The working-class has no interests in tariffs, e.g. American workers as a class do not benefit from the Democratic Party and Bush slapping a 30% duty on imported steel, which while maximizing profits for domestic steel products as opposed to cheaper imported steel only increases the price of production and final goods domestically produced and sold at artificially engendered higher prices to cover the increased cost of production.

Increased supply increases competition, and the result will be lower prices overall.  But the capitalists would by this lessen profits in proportion to which prices and therefore profits decline over time. Workers of every country as consumers benefit by lower prices and to that extent it is in their interests as consumers to eliminate all tariffs and duties.

But the bourgeoisie of capitalist countries in the 3rd world want to place protectionist barriers on cheaper and higher quality commodities imported from Japan, and South Korea as well as the European Union and the United States.

Given the context the disunity of the bourgeoisie of the capitalist industrial countries, the bourgeoisie in the poorer, agrarian countries are banding together to take advantage of the rising political crisis in Europeespecially the emerging economic war between the United States and the European Union as manifested politically in German, French and Russian capitalist governments opposition to the U.S. war against and occupation of Iraq.

Nevertheless the global capitalist class is a cosmopolitan corporation and WTO is nothing but their open meeting to figure ways to maintain high profits and minimize the mutually destructive side of capitalist competition.  The workers neither in the industrialized capitalist countries, nor those where economics is based in agriculture stand to gain from controlled capitalist competition.

The capitalists, Black or White, have no material interests in common with workers.  Their class interests are mutually exclusive: where capitalists as producers are buyers of labour-power the workers are sellers, whose labour is consumed reappearing in the products as value of the commodities that workers, as consumers, must purchase as means of subsistence.  Thus where capitalists are sellers (of the products of proletarian labour) proletarians are buyers.

Proletarians are also a cosmopolitan class. Workers must become proletarian conscious of its cosmopolitan interests.  Workers in capitalist countries in Asia, Africa and Latin America who by selling their labour-power to the national bourgeoisie sell the rights to the products of their labour, alienated labour, the same as proletarians do in Japan, Korea, Europe and North America.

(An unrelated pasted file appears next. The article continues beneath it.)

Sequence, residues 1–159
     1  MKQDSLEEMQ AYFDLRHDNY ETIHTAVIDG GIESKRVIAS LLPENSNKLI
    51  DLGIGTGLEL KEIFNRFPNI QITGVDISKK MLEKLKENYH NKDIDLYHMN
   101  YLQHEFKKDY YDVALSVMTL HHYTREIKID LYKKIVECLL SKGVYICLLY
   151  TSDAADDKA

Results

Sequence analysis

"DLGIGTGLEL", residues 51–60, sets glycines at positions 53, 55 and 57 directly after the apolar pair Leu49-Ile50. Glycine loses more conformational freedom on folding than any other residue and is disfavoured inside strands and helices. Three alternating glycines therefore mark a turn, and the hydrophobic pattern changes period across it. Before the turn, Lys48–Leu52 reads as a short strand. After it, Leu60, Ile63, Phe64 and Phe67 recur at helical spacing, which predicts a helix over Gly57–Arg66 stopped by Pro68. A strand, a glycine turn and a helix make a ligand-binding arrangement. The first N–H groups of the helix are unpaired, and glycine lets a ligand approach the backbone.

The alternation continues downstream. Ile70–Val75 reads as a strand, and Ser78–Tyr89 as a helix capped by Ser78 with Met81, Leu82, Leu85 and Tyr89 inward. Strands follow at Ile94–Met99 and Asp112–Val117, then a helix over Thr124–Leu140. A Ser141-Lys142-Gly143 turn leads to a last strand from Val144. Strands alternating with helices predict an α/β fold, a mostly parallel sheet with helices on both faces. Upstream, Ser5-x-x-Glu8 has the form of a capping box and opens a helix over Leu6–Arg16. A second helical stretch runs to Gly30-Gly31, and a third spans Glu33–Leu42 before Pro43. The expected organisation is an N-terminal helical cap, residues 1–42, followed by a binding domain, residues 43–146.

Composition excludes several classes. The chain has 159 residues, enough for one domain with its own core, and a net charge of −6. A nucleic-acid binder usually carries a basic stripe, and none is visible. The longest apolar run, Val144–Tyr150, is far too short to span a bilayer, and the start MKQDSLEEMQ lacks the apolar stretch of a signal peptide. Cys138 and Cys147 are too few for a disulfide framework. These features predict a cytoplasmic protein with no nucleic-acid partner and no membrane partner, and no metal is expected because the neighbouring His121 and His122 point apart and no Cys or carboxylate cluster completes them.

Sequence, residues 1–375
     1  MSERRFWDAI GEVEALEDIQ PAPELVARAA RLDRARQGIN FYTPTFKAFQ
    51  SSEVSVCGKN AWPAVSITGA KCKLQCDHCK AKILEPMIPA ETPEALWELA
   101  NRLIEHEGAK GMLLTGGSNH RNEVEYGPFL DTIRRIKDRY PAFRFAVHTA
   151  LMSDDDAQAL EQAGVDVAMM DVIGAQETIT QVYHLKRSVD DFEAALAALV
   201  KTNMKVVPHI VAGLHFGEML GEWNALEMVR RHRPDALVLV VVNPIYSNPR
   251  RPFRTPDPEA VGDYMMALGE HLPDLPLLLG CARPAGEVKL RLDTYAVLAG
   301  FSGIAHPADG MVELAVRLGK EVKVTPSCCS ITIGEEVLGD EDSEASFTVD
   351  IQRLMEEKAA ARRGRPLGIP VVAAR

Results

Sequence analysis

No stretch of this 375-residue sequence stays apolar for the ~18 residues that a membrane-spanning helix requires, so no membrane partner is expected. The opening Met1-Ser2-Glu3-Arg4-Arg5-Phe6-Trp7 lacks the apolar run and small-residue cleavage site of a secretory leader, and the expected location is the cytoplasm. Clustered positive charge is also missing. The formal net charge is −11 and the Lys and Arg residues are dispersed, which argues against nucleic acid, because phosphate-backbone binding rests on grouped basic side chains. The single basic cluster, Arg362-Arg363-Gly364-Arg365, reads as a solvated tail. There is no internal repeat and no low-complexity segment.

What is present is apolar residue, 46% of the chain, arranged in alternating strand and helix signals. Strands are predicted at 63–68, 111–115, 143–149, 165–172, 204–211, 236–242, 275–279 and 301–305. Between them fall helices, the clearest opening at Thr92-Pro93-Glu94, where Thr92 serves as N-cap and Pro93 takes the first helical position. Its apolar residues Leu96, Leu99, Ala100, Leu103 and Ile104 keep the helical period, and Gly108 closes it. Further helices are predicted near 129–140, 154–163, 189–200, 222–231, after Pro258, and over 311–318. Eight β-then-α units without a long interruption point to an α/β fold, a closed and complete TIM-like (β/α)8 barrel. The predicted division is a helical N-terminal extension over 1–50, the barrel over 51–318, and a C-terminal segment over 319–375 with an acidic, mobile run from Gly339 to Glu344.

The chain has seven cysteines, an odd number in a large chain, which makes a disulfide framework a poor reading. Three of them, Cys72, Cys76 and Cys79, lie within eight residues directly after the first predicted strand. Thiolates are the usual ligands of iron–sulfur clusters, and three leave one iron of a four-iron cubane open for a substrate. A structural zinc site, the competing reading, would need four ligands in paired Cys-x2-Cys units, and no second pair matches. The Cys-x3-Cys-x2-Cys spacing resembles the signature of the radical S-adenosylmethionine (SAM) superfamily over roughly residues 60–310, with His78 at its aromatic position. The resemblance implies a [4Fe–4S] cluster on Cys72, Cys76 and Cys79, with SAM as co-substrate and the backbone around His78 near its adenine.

Those who own the earth and natural resources, as parcels of private propertythe landowners and bourgeois statesand those who own industrial capital, commercial institutions and the banks - produce nothing but are owners of everything. The capitalist class in each country is the most powerful, economically dominate class of that country, and as such is the most powerful, politically dominate class in those countries.  The executive of the modern state is but a committee for managing the common affairs of the whole national bourgeoisie.

These are the governments that send Foreign Ministers to the U.N. to represent their respective national bourgeois political interests in an international body which manage the common interests of the various nations-states. The WTO is the same, to which Ministers of Finance and Treasuries participate each representing its governments particular interests.

Given the context of global rivalry and increased conflicts of interests between the E.U. and the U.S., Japanese and Korean capitalists, represented in WTO, as well as their conflicts of political interests in the U.N., the bourgeoisie in the poorer, agrarian countries are banning together to take full advantage of the rising political crisis and economic rivalries.

The usefulness of the U.N. as a mediating body within which capitalist governments - in particular the economic and political powers who are the Permanent Members of the Security Council, plus Germany and Japan - were able to come together to resolve political conflicts of interests has been partially if not fatally wounded by the Unilateralist policies of the United State: its War on and Occupation of Iraq. What is new is that Germany, and France have for the first time since the close of World War Two had the industrial and political power to resist U.S. bullying.